|Insurance-Funded Applied Behavior Analysis Intervention Amidst the COVID-19 Pandemic: Telehealth and Learner Outcomes
|Saturday, May 28, 2022
|12:00 PM–12:50 PM
|Meeting Level 2; Room 258A
|Area: AUT; Domain: Service Delivery
|Chair: Valerie R. Rogers (The ABRITE Organization)
|Discussant: Kendra B. Newsome (Fit Learning)
|CE Instructor: Valerie R. Rogers, Ph.D.
|Abstract: Though the COVID-19 pandemic has brought many challenges related to securing and maintaining access to applied behavior analysis (ABA) intervention for children with autism, it also brought forth an opportunity to evaluate changes in treatment modality, intensity or dose of treatment, and overall access to intervention on learner gains and outcomes. For many ABA agencies, insurance-funded medically necessary ABA has changed in many ways since the onset of the pandemic. This includes the uses of telehealth not only for supervisory practices, but also for direct intervention via the behavior technician. Moreover, with risks safely mitigated, the pandemic even resulted in increased access to treatment for some learners. Still, these changes require systematic evaluation. The current symposium addresses these needs. The first paper examines the outcomes achieved with the use of telehealth at the individual and group level across different types of learners receiving varying intensities of treatment. The second paper provides an analysis of outcome data for a sample of learners and discussed in relation to learner specific variables, barriers overcome, and treatment modalities. The symposium will conclude with a discussion of the two papers and recommendations for further outcome research.
|Instruction Level: Intermediate
|Keyword(s): Insurance-funded, Outcomes, Telehealth
|Target Audience: Data analysis, familiarity with insurance-funded ABA services, familiarity with standardized assessments and skill acquisition data
|Learning Objectives: At the conclusion of the presentation, participants will be able to: (1) describe at least 3 variables in need of investigation by behavior analysts related to learner outcomes from telehealth services; (2) describe the relationship between rates of skill acquisition, treatment modality, proportion of recommended treatment hours received, and learner variables including telehealth prerequisite skills; (3) describe at least 2 factors correlating with improved learner outcomes.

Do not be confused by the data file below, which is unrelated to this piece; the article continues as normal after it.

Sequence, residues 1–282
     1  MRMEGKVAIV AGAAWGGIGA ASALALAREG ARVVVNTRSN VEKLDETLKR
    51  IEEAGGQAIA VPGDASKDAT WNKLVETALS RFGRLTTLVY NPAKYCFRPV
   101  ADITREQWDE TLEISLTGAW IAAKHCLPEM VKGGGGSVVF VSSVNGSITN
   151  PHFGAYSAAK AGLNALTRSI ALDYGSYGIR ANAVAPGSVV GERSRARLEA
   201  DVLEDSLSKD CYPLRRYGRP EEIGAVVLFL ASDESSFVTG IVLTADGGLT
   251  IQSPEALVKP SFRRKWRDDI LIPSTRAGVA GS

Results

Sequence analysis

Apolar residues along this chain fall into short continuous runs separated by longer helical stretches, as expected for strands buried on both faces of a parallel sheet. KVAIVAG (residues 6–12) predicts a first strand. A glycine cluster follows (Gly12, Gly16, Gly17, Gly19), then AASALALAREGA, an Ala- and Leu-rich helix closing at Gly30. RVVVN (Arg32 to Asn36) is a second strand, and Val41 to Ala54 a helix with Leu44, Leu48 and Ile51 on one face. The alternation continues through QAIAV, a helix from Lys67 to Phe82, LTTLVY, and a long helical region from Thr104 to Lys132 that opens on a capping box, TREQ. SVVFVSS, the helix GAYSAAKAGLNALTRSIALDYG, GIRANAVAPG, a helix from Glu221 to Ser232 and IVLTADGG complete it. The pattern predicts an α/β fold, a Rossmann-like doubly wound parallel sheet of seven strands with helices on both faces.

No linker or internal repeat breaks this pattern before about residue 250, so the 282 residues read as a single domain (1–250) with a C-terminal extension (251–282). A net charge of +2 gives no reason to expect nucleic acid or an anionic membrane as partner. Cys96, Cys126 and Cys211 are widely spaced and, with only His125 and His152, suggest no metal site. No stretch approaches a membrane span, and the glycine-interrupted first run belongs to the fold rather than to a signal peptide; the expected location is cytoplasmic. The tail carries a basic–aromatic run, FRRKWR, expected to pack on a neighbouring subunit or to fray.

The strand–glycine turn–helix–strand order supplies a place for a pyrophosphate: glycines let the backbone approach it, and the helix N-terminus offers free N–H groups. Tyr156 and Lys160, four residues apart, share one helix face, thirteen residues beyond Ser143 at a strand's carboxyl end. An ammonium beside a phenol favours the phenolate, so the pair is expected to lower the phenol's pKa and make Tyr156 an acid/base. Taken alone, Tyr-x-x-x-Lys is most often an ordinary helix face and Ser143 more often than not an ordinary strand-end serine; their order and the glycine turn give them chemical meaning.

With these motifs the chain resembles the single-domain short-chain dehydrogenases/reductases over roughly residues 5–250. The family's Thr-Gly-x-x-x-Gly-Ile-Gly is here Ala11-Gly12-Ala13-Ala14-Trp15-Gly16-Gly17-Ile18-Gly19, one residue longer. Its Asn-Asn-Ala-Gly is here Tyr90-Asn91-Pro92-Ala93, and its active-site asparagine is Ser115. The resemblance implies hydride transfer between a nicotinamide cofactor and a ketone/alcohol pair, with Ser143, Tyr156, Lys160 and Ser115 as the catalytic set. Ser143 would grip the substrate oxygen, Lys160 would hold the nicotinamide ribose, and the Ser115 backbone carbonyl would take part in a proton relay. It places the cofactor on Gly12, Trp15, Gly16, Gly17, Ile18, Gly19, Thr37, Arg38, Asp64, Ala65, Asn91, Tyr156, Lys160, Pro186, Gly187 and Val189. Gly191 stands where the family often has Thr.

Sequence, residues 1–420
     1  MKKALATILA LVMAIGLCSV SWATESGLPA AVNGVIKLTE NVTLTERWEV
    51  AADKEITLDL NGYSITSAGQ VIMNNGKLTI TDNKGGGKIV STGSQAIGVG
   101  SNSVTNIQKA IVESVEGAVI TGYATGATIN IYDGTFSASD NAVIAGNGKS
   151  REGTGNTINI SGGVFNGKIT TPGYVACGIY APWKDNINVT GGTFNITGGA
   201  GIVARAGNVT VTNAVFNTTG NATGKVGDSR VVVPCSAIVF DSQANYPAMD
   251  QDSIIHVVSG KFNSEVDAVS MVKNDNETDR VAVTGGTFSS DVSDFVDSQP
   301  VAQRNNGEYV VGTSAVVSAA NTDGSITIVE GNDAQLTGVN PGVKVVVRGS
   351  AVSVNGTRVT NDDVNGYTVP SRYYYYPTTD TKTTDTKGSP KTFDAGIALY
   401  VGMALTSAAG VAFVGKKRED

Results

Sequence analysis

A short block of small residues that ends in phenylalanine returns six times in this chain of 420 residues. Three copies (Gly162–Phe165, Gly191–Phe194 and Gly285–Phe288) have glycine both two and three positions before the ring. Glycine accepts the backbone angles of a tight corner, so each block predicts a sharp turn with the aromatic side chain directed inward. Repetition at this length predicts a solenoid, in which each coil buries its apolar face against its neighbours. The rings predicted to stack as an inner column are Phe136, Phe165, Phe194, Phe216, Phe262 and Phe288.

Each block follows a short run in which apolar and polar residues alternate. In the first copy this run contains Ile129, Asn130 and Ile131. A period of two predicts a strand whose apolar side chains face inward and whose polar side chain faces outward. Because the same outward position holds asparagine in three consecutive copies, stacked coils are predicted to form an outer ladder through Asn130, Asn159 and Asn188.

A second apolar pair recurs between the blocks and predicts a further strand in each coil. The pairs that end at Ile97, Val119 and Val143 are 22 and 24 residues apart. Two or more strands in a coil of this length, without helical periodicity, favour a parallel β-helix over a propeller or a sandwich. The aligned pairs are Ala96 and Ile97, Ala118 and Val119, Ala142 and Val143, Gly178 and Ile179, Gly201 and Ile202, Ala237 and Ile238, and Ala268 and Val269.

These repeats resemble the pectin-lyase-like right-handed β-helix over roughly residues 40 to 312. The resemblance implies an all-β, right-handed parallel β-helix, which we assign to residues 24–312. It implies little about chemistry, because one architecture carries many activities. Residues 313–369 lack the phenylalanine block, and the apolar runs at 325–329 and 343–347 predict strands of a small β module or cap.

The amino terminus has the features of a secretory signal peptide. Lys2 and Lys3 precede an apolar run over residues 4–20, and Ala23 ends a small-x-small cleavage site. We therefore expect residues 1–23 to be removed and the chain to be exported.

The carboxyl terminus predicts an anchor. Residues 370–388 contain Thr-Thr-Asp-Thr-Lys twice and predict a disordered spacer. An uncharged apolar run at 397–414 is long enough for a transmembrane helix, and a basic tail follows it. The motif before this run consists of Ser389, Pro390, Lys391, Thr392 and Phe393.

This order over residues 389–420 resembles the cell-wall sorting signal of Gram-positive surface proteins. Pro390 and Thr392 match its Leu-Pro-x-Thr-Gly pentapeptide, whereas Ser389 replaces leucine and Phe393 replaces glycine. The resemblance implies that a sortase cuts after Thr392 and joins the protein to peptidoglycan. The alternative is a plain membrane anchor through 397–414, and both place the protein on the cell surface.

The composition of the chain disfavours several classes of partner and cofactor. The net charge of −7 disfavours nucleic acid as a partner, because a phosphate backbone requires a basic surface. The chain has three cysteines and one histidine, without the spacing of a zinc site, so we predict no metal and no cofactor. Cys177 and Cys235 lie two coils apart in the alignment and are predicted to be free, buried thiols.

|An Examination of Telehealth and the Outcomes Achieved Across Various Types of Learners
|GINGER R. RAABE (The ABRITE Organization), Valerie R. Rogers (The ABRITE Organization), Janice Frederick (The ABRITE Organization)
|Abstract: The importance of a research practitioner approach within the field of behavior analysis has never been more important than in the presence of the current context. The pandemic has created what might be considered a paradigm shift in the delivery of behavior analytic services. To sustain access to services, telepractice was explored sparking additional questions in need of investigation. Within the arena of autism treatment and medical necessity, behavior analysts are continuing to navigate changes put forth by the various funders and continued examination of the outcomes produced would benefit the clinicians and the children and families served. The shift towards telehealth at all levels of service delivery has created new questions to be explored. Is telehealth at the behavior technician level effective? For what type of learner is telehealth effective? Do learners make the same, less than or more gains with this new service mode? This presentation will address these questions and examine the outcomes that were achieved with the use of telehealth at the individual and group level across various types of learners with autism receiving various amounts of service delivery in this fashion. In addition, the discussion will focus on access and medical necessity.
Pandemic Silver Linings: An Investigation of Parameters Related to Individual Learner Outcomes for Insurance-Funded Applied Behavior Analysis Intervention
|VALERIE R. ROGERS (The ABRITE Organization), Ginger R. Raabe (The ABRITE Organization), Janice Frederick (The ABRITE Organization)
The COVID-19 pandemic has changed the way insurance-funded intervention has been implemented for many learners with autism including modifications in treatment modality, intensity of treatment, and overall access to intervention. The pandemic provided rare treatment conditions for many learners and therefore necessitates ongoing investigation of the outcomes associated with these conditions. Examples of such conditions include learners receiving direct behavior technician intervention via telehealth and school aged children receiving comprehensive treatment programs given increased availability. The current paper provides a refined analysis of individual learner outcome data for a set of learners for whom barriers to accessing treatment were overcome. Specifically, outcome data for a sample of different learners receiving ABA insurance-funded treatment during the pandemic will be presented and discussed in relation to learner specific variables. An analysis of skill acquisition data in relation to variables such as age, modality of intervention, proportion of recommended treatment hours received, standardized assessment results, and treatment goals met will be presented across multiple participants. Results are discussed in terms of factors correlating with improved outcomes, removing common barriers to treatment, and providing support for insurance funded ABA treatment under these conditions. The need for additional outcome analyses and future research are discussed.